Enacting citizenship : a literary genealogy of Mexican American manhood, 1848-1959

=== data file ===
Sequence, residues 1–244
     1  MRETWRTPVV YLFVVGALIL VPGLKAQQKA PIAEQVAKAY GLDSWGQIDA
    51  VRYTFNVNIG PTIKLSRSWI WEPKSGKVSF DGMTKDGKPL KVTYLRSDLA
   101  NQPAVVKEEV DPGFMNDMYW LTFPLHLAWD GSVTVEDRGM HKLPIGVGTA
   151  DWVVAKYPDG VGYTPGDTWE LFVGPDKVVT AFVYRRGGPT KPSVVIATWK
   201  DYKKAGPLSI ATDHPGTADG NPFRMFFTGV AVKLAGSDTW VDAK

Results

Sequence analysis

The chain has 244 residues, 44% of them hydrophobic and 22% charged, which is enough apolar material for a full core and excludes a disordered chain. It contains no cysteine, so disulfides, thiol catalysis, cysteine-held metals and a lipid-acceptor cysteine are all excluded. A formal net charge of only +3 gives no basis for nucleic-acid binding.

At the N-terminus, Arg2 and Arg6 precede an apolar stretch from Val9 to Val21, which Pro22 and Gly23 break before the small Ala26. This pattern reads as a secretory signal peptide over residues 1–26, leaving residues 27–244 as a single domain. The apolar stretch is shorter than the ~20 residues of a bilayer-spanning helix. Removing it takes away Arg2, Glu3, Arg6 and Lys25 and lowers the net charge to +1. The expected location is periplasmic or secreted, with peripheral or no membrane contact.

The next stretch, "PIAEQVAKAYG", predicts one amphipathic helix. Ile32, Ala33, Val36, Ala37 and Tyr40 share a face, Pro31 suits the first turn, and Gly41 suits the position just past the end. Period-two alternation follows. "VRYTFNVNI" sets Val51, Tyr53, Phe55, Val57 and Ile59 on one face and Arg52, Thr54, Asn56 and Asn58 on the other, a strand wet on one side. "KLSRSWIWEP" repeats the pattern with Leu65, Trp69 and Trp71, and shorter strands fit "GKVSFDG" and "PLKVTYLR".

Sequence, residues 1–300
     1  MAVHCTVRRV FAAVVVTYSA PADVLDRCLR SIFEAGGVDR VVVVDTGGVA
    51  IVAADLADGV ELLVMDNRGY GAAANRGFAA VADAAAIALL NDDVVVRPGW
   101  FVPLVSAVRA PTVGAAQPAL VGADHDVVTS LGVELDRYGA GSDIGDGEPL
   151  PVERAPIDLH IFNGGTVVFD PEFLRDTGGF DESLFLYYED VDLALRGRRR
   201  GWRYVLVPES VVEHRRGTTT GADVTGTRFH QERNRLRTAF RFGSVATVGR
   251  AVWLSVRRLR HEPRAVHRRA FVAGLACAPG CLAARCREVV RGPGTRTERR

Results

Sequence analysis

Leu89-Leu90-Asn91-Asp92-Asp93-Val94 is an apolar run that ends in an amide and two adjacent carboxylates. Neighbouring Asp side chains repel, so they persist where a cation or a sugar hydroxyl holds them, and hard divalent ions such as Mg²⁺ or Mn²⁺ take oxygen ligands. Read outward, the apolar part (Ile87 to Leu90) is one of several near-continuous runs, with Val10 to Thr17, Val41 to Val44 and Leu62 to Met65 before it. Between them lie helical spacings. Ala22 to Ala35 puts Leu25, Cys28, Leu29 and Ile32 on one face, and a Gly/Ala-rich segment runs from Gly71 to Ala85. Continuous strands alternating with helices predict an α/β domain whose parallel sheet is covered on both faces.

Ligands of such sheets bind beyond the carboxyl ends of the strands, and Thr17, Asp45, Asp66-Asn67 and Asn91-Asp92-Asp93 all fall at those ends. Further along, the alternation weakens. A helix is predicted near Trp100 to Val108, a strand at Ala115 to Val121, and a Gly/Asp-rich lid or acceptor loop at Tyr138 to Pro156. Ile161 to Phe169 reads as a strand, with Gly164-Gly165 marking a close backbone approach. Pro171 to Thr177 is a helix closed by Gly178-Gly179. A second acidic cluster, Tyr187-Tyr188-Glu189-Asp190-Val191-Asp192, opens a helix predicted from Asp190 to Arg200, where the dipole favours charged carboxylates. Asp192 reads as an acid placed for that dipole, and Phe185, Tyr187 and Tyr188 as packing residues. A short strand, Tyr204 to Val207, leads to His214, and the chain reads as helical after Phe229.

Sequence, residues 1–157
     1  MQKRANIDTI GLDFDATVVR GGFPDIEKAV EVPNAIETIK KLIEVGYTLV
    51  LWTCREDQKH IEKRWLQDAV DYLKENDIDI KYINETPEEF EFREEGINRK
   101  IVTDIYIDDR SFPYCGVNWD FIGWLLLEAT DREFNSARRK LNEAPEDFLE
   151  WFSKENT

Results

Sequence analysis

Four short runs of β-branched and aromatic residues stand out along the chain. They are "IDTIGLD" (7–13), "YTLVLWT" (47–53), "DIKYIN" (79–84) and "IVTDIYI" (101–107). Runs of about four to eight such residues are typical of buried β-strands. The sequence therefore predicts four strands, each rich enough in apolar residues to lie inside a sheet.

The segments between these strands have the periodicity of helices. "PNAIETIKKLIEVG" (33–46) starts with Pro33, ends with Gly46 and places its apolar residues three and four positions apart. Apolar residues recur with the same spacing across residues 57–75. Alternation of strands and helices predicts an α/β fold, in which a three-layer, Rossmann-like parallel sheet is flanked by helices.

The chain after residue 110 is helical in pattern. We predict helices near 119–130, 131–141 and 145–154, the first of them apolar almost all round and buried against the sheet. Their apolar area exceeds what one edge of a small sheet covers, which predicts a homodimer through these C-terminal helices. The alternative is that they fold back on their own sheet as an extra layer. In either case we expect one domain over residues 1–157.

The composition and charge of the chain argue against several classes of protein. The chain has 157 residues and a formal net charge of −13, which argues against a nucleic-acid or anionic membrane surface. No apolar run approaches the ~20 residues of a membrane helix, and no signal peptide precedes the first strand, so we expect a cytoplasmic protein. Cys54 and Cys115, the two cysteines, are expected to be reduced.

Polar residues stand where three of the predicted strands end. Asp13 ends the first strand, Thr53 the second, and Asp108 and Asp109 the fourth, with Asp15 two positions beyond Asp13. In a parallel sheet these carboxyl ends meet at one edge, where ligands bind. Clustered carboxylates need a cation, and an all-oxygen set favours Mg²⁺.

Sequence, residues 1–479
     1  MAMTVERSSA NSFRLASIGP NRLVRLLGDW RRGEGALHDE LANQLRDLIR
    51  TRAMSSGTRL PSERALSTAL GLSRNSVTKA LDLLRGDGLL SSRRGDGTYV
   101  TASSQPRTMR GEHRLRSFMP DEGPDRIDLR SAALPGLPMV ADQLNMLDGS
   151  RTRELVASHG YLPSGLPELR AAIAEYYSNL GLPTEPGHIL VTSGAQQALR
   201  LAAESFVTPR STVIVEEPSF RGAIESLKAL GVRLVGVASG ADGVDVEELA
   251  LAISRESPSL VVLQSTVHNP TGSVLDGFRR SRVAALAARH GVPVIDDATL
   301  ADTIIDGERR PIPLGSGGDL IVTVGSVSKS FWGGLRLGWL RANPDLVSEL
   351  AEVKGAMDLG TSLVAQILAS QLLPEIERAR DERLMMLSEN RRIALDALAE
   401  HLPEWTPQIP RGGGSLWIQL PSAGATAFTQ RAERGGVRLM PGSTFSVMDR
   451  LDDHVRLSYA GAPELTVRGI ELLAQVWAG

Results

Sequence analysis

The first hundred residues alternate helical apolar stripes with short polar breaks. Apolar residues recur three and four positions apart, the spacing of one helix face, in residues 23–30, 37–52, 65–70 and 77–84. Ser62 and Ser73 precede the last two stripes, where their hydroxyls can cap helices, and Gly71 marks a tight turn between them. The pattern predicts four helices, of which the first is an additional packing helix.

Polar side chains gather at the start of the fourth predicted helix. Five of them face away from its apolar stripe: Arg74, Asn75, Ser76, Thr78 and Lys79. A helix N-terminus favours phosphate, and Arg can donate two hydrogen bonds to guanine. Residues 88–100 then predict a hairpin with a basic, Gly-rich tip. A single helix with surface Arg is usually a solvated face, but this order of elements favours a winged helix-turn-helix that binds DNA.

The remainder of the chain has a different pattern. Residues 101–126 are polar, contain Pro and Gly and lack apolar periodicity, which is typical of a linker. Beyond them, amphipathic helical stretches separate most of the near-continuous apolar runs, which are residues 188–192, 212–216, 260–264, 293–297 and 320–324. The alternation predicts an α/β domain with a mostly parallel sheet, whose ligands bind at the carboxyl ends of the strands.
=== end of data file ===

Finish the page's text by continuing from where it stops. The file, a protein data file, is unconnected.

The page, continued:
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At the conclusion of the U.S. Mexican War in 1848, Mexican Americans across the United States found their disjointed communities struggling to adapt to a newly acquired national status. My project argues that Mexican American literary manhood functioned as a representational strategy that instantiated a Mexican American national public and that sutured regional communities into a national whole. Within a transnational, multilingual archive, Mexican American manhood served as a means through which to articulate multiple forms of citizenship and competing cultural investments in U.S. and Mexican national projects. Between 1848 and the 1960s -- that is, prior to the Chicano movement -- USAmerican writers looked to Mexican American manhood for this purpose because it was inseparable from a rival sovereign state, revealed an inconsistent racial hierarchy, and troubled gendered ideals of the civil participation, yet simultaneously contained such contradictions. For Mexican American writers Manuel C. de Baca, Adolfo Carrillo, Maria Cristina Mena, Jovita González, Américo Paredes and José Antonio Villarreal, manhood offered a tactic for imagining participation in national citizenship, unhindered by institutional or legal impediments, although each represented Mexican American manhood in radically different ways. Conversely, authors Gertrude Atherton, Stephen Crane, and Jack London turned to Mexican American manhood as a powerful tool for disenfranchising or assimilating Mexican American communities from and into the U.S. nation. For these authors, Mexican American manhood was instrumental in the dissemination of narratives of American progress because it facilitated claims to continental and imperial expansion, reinforcing ideals of Anglo American manhood and masking claims to whiteness. Through analysis of prose fiction in both English and Spanish, my dissertation explicates the cultural creation of Mexican American literary manhood as a constitutive category of American manhood and as a textual strategy that positions Mexican Americans as national citizens.